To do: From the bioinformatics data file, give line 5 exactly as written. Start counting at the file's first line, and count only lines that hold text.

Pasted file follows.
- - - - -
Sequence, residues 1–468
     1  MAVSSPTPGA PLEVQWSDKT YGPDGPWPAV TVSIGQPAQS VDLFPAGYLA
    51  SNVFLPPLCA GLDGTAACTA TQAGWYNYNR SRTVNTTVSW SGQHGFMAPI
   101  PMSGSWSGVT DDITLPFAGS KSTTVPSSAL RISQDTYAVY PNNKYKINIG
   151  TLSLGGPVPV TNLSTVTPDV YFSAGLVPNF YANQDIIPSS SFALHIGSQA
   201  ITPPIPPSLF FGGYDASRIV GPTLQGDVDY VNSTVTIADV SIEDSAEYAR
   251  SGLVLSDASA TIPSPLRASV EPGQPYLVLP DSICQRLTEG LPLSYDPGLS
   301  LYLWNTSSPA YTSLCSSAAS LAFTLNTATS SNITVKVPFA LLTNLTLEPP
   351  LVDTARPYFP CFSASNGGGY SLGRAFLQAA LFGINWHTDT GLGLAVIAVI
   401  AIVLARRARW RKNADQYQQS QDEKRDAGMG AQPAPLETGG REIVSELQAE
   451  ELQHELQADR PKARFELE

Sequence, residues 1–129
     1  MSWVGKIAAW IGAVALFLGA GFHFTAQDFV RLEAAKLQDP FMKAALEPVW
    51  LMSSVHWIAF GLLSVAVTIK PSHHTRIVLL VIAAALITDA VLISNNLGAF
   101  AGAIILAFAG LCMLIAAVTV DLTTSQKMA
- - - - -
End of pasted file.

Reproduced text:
   151  TLSLGGPVPV TNLSTVTPDV YFSAGLVPNF YANQDIIPSS SFALHIGSQA